Philosophical and social thoughts of Maharshi Arvind
Sri Aurobindo believed that the highest truths, the truth contained of science and religion were already contained in Vedas. The Gita and the Upanishads are nothing but a logical continuation of the Vedas. He believes in traditional concept of man and accepts the classical views about the union of individual soul with supreme soul. Integralism is possible through transformation, according to Sri Aurobindo. Yoga divides the whole man bringing down the super mind to transform the human mind, life and body. The moment this aims get fulfilled man becomes a superman. Sri Aurobindo aimed at gradual spiritualization of the society. He welcomed an age of super mind where the realization of good freedom and unity will predominate in all social groups. We can achieve the unity will predominate in all social groups. We can achieve the unity of human race through integral living and through development of integral personality. Sri Aurobindo’s philosophy is based on an experienced integralism. It is a synthesis of idealism, realism, pragmatism and spiritualism.
The guiding principle of Sri Aurobindo’s Educational Philosophy was the awakening of the individual as a spiritual being. It should be related to life truth and self mastery by the child. Sri Aurobindo made a five-fold classification of human nature i.e. the physical, the mental,the psychic and the spiritual, corresponding to five aspects of education – physical education, vital education, mental education, psychic education and spiritual or supermental education. Physical education includes control over physical functions, harmonious development of physical movements, over powering physical limitations and the awareness of body consciousness. Sri Aurobindo lays stress upon games and sports because he felt that these were essential for renewing energy. Vital education was the most important point in integral education. Sri Aurobindo called the vital being of man – the life nature made up of desires, sensations, feelings, passions, reaction of the desire – soul in man and of all that play a possessive and other related instincts, anger, fear, speed etc. that belong to this field of nature. Mental education included cognition, ideas and intelligence. The unique contribution of Sri Aurobindo regarding mental education was that ideas should be continually organized around a central thought. Psychic education was the special contribution of Sri Aurobindo to education systems. The key to an integral personality was the discovery of man s psychic nature. The educational theory of Sri Aurobindo aimed at the development of the latent powers of the child, training of six senses, training of logical faculties, physical education, principle of freedom, moral and religious education and above all, training for the spiritualization of the individual.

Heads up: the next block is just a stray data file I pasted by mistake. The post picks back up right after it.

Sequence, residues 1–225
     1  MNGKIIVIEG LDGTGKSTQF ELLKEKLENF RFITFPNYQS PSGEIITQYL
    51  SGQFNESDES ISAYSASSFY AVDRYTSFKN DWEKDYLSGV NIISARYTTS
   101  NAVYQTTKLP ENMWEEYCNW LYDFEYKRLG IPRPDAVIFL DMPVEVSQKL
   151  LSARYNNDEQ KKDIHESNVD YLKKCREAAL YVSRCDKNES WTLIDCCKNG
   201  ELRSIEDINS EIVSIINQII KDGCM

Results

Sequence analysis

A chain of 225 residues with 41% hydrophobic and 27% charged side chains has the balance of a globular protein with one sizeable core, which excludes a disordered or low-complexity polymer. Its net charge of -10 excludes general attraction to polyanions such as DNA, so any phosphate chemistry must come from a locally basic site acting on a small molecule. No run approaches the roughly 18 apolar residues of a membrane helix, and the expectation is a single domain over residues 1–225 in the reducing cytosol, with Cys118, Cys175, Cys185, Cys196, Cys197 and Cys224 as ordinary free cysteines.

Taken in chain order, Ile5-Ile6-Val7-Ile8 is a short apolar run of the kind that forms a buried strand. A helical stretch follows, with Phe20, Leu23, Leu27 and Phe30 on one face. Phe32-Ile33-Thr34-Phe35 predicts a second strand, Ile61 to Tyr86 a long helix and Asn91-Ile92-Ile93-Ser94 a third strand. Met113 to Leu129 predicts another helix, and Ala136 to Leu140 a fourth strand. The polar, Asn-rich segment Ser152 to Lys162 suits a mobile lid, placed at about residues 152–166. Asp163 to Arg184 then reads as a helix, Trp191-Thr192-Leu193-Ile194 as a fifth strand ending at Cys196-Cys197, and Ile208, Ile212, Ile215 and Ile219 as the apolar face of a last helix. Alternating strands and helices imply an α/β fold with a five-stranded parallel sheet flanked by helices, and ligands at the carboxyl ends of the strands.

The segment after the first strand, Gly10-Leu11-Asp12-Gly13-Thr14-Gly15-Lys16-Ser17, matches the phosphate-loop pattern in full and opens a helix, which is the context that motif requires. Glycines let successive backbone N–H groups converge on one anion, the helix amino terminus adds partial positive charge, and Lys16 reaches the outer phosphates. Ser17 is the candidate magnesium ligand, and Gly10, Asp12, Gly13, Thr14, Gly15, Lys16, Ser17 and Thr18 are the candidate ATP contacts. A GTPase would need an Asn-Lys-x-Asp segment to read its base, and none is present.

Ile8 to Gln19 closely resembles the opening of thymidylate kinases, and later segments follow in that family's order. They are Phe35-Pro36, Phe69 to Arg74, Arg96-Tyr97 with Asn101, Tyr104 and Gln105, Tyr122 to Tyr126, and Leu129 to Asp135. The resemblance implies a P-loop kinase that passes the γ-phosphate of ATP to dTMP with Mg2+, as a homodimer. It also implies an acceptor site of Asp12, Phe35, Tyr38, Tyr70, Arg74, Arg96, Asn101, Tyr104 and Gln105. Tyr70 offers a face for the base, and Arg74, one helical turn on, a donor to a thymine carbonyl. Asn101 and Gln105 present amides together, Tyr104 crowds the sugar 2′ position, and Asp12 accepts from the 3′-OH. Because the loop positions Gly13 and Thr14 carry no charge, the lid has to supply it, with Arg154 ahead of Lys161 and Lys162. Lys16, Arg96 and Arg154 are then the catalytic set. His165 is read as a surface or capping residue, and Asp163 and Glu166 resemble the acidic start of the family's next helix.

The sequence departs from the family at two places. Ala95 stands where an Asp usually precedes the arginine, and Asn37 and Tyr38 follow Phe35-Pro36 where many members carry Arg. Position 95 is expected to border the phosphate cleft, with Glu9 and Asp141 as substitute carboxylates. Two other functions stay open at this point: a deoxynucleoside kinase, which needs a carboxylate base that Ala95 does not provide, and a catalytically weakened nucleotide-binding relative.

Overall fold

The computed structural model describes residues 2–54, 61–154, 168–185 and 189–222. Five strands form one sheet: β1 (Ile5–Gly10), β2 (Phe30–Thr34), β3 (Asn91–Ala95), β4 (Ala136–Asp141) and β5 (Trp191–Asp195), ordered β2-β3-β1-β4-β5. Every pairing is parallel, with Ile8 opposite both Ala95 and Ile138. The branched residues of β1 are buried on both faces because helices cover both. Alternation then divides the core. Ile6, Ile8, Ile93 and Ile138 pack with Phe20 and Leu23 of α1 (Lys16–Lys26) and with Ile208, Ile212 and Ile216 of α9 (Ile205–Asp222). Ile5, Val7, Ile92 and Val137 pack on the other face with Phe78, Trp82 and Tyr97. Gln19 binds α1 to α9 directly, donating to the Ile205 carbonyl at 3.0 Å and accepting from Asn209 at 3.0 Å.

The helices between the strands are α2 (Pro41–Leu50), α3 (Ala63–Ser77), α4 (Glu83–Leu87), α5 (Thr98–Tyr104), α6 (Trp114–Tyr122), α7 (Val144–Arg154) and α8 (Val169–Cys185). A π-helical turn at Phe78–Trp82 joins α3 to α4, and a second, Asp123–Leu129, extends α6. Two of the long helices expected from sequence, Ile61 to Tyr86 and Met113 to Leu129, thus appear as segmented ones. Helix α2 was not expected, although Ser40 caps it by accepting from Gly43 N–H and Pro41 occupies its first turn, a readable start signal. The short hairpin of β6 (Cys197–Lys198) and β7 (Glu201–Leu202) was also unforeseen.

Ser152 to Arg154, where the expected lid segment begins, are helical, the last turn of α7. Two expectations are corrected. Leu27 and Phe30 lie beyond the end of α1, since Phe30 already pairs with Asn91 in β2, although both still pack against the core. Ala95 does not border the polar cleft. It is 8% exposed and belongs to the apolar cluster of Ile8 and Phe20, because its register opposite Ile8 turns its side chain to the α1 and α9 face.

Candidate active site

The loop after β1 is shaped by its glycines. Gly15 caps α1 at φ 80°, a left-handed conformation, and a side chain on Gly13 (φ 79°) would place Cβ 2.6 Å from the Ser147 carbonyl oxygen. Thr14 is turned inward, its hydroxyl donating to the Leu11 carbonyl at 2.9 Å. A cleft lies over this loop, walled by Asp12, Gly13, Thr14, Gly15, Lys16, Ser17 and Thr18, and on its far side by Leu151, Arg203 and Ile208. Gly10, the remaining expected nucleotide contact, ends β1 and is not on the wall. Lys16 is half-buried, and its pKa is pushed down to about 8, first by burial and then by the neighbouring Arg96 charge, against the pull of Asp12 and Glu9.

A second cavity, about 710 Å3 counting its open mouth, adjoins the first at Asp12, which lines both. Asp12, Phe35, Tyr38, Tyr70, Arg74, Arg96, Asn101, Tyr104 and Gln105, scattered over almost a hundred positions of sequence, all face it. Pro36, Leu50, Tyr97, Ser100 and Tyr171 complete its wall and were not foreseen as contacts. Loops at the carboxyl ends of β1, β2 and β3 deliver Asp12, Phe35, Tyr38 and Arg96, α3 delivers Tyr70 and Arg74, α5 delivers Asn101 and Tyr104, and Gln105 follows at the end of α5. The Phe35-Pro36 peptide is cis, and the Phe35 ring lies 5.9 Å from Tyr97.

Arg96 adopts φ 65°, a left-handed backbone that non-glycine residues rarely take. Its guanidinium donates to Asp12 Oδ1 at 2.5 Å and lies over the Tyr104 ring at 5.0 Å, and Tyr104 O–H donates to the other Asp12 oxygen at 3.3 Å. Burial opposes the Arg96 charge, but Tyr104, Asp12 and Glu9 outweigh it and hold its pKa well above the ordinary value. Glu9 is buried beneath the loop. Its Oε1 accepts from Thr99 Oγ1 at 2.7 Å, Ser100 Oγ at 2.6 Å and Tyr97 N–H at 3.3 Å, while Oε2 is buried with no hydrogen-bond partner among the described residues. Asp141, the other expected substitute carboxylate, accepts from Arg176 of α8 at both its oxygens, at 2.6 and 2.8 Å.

Shri Aurobindo emphasized that education should be in accordance with the needs of our real modern life. In other words, education should create dynamic citizen so that they are able to meet the needs of modern complex life. According to him, physical development and holiness are the chief aims of education. As such, he not only emphasized mere physical development, but physical purity also without which no spiritual development is possible. In this sense physical development and purification are the two bases on which the spiritual development is built. The second important aim of education is to train all the senses hearing, speaking, listening, touching, smelling and tasting. According to him these senses can be fully trained when nerve, chitta and manas are pure. Hence, through education purity of senses is to be achieved before any development is possible. The third aim of education is to achieve mental development of the child.